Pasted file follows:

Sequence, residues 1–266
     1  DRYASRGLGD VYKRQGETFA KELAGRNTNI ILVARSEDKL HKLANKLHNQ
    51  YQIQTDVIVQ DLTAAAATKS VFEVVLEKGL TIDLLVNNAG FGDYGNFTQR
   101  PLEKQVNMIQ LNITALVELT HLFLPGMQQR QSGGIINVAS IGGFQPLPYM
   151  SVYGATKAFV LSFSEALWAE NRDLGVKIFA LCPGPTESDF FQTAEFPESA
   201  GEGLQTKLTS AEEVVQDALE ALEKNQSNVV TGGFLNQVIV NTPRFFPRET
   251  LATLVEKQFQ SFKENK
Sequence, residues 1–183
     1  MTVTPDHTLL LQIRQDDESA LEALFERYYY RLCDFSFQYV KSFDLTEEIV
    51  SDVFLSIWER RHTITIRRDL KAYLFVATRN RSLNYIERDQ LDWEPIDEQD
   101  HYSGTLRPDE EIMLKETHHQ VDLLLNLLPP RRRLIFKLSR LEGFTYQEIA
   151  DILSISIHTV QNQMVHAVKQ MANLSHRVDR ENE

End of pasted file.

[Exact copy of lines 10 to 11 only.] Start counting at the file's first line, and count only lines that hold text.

    51  SDVFLSIWER RHTITIRRDL KAYLFVATRN RSLNYIERDQ LDWEPIDEQD
   101  HYSGTLRPDE EIMLKETHHQ VDLLLNLLPP RRRLIFKLSR LEGFTYQEIA